As for the Chopin etudes being played by talented pianists, where did you get that from? Everybody can at least pick up Etude op. 10 3 or the Revolutionary.

No, "everybody" cannot. It would be far more accurate, in my opinion, to say that many pianists should be able to learn some Chopin etudes. I'm astounded at how often I see the difficulty of 10/3 in particular minimized. Even if the outer sections are found technically easy, the "B" section is vastly more challenging.

Steven


I agree with Steve. Talent is one important variable in the equation.

Thomas Lau, I wish your encouragement were real. I do not see myself will be able to play 10/3 or 10/12 well enough in this life. Do you know how difficult those two are? Especially the 10/12.


Edited by RonaldSteinway (09/09/09 03:47 PM)

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#1265447 - 09/09/09 06:13 PM Re: Realistic Goals as adults/late starter [Re: RonaldSteinway]
NocturneLover Offline
Full Member

Registered: 08/01/09
Posts: 149
Loc: Dantooine
Hey sottovoce,

You are analyzing my posts as if it were an academic journal, when my thoughts are indeed spurious, but based on facts and objective perceptions.

RonaldSteinway,

Yes Thomas Yu is like a beast, and I guess he did study at a big conservatory. Sigh, wish I had to opportunity when I was younger, oh well. He's also won major competitions and methinks guys like him are one in a million, or at least had a good family, advantages early in the life that he has taken full advantage of.
_________________________
"...music is a higher revelation than all wisdom and philosophy." -Ludwig van Beethoven

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#1265502 - 09/09/09 07:56 PM Re: Realistic Goals as adults/late starter [Re: NocturneLover]
sotto voce Offline
6000 Post Club Member

Registered: 08/15/06
Posts: 6163
Loc: Briarcliff Manor, NY, USA
Originally Posted By: Thomas Lau
Hey sottovoce,

You are analyzing my posts as if it were an academic journal, when my thoughts are indeed spurious, but based on facts and objective perceptions.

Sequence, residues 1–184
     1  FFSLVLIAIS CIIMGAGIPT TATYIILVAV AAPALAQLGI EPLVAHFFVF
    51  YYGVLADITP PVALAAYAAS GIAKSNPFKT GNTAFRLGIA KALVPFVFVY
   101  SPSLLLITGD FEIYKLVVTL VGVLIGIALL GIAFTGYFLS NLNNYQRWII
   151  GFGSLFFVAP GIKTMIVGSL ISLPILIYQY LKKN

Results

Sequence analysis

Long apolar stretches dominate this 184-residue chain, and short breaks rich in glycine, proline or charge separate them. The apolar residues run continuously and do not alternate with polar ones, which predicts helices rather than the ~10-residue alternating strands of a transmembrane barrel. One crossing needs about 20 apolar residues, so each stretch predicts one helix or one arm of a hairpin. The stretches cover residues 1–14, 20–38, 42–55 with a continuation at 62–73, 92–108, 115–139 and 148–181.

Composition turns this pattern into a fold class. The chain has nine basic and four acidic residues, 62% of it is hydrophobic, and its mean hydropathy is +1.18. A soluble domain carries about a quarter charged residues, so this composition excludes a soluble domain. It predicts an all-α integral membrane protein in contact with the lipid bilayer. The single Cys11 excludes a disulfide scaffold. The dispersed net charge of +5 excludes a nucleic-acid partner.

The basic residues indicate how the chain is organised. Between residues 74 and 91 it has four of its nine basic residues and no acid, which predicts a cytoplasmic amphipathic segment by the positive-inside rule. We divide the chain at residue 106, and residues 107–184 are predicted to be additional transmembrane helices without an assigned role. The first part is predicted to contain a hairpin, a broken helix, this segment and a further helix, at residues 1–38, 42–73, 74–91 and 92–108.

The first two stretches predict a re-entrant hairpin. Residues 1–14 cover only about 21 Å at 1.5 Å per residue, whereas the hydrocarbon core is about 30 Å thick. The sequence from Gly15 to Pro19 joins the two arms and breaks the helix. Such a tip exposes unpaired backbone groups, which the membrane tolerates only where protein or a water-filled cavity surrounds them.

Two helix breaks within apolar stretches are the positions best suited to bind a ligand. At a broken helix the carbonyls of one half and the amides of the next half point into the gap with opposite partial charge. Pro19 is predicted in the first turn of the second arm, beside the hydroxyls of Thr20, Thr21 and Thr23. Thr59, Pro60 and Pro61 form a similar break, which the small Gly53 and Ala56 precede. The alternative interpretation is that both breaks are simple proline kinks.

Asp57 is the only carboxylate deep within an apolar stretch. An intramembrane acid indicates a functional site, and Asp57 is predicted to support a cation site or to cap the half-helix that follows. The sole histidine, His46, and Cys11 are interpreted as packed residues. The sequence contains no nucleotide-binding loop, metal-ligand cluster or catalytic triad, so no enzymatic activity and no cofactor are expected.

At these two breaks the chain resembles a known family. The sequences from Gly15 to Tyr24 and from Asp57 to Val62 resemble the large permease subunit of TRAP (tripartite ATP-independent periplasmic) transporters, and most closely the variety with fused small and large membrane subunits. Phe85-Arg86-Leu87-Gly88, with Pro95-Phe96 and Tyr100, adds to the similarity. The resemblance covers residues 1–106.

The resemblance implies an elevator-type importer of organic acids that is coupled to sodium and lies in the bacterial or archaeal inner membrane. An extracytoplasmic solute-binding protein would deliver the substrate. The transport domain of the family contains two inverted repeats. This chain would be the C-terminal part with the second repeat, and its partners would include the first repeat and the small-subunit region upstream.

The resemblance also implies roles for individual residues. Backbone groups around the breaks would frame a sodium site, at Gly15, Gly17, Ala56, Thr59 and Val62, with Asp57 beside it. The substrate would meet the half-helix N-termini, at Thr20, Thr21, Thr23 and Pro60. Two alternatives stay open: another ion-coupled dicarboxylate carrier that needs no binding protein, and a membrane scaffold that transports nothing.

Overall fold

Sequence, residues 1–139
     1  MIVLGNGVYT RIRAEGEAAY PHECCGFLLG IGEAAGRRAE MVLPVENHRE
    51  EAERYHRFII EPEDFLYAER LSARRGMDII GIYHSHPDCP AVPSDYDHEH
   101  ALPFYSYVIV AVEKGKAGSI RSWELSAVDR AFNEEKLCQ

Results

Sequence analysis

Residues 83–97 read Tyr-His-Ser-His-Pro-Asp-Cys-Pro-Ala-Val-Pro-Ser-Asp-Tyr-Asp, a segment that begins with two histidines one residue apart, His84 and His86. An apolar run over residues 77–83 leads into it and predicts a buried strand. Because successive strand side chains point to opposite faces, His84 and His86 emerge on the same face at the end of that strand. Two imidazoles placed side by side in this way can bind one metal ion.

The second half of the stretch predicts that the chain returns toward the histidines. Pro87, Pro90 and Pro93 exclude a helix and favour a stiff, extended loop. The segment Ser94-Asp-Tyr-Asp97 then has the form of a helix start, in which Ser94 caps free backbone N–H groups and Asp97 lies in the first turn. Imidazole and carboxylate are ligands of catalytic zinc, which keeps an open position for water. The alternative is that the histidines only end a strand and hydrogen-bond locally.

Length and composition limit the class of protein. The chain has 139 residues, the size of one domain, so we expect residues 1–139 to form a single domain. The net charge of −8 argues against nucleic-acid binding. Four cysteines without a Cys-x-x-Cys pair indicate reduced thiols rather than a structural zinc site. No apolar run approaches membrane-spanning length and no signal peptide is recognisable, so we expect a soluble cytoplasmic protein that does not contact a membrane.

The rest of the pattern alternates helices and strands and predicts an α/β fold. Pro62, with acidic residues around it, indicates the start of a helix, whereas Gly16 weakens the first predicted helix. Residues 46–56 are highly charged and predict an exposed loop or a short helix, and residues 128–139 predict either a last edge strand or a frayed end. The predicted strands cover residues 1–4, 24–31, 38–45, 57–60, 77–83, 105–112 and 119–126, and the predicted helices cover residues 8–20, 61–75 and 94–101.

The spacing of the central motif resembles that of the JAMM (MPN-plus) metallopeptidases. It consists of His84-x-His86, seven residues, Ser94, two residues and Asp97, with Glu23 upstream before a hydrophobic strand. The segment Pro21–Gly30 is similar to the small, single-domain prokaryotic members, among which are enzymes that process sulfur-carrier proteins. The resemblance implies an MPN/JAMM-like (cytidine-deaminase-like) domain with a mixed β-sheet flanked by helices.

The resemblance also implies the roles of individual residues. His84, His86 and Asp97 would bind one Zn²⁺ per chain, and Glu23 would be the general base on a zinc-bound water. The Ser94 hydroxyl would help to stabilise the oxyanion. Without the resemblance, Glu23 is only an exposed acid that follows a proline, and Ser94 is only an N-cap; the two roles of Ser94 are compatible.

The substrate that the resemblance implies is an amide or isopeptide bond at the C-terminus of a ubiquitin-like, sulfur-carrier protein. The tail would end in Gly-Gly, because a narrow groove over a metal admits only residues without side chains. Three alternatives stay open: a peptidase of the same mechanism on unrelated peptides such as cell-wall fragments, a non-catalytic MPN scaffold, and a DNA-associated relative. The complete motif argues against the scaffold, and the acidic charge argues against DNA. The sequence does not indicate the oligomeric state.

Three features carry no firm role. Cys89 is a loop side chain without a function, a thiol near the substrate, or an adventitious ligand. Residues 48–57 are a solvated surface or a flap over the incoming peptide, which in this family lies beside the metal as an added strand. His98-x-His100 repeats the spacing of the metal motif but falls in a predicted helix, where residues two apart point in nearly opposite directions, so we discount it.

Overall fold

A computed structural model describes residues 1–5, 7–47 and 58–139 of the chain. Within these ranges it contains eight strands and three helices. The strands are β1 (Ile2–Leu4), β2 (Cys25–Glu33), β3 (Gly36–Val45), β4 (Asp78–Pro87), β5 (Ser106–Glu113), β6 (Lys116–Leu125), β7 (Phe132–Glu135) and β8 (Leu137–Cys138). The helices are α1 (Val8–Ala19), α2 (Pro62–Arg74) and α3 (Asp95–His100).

It's not possible for something simultaneously to be spurious and based on facts and objective perceptions.

I'm sorry if you object to commentary and discussion about what you posted, but that's the nature of a discussion forum. Statements are inevitably challenged, and those who participate should expect to stand behind their words and opinions. You haven't been singled out or held to a different standard from anyone else, and there's no reason to single me out for criticism for doing what everyone does. That's why we have a "Quote" function!

One of our own moderators observed several months ago that "posts around here tend to get parsed with a fairly sharp blade." I don't think that's a bad thing; it keeps us honest—all of us. smile

Steven
_________________________

"There are two means of refuge from the miseries of life: music and cats."
—Albert Schweitzer

Chopin: Allegro de Concert Op. 46
Schumann: Toccata Op. 7
Fauré: Ballade Op. 19

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#1265638 - 09/09/09 11:56 PM Re: Realistic Goals as adults/late starter [Re: NocturneLover]
Horowitzian Offline
8000 Post Club Member

Registered: 09/18/08
Posts: 8453
Originally Posted By: Thomas Lau
[...] when my thoughts are indeed spurious, but based on facts and objective perceptions.

[...]


_________________________
Close only counts in horseshoes, hand grenades, and nuclear weapons.

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#1265657 - 09/10/09 12:46 AM Re: Realistic Goals as adults/late starter [Re: Horowitzian]
trillingadventurer Offline
Full Member

Registered: 05/28/08
Posts: 304
Loc: San Diego
Am I the only pianist who finds Bach Inventions and Chopin Waltzes challenging?!?!?


Edited by trillingadventurer (09/10/09 12:46 AM)
_________________________
M. Katchur

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#1265664 - 09/10/09 01:05 AM Re: Realistic Goals as adults/late starter [Re: Horowitzian]
ProdigalPianist Offline
1000 Post Club Member

Registered: 04/08/07
Posts: 1049
Loc: Phoenix Metro, AZ
Originally Posted By: Horowitzian
Originally Posted By: Thomas Lau
[...] when my thoughts are indeed spurious, but based on facts and objective perceptions.

[...]




"You keep using that word...I do not think it means what you think it means"
-The Princess Bride
_________________________
Adult Amateur Pianist

My only domestic quality is that I live in a house.

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#1265686 - 09/10/09 02:04 AM Re: Realistic Goals as adults/late starter [Re: ProdigalPianist]
NocturneLover Offline
Full Member

Registered: 08/01/09
Posts: 149
Loc: Dantooine
oh yes I used the word spurious, but I meant to use another word. Again, in an internet forum one doesn't tend to revise their words as posts are generally not graded/reviewed/parsed as it is in these forums.
_________________________
"...music is a higher revelation than all wisdom and philosophy." -Ludwig van Beethoven

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#1265687 - 09/10/09 02:07 AM Re: Realistic Goals as adults/late starter [Re: NocturneLover]
Horowitzian Offline
8000 Post Club Member

Registered: 09/18/08
Posts: 8453
Yeah, I'm sure you did. If you can't stomach it, maybe you ought to go over to Piano Street. smile
_________________________
Close only counts in horseshoes, hand grenades, and nuclear weapons.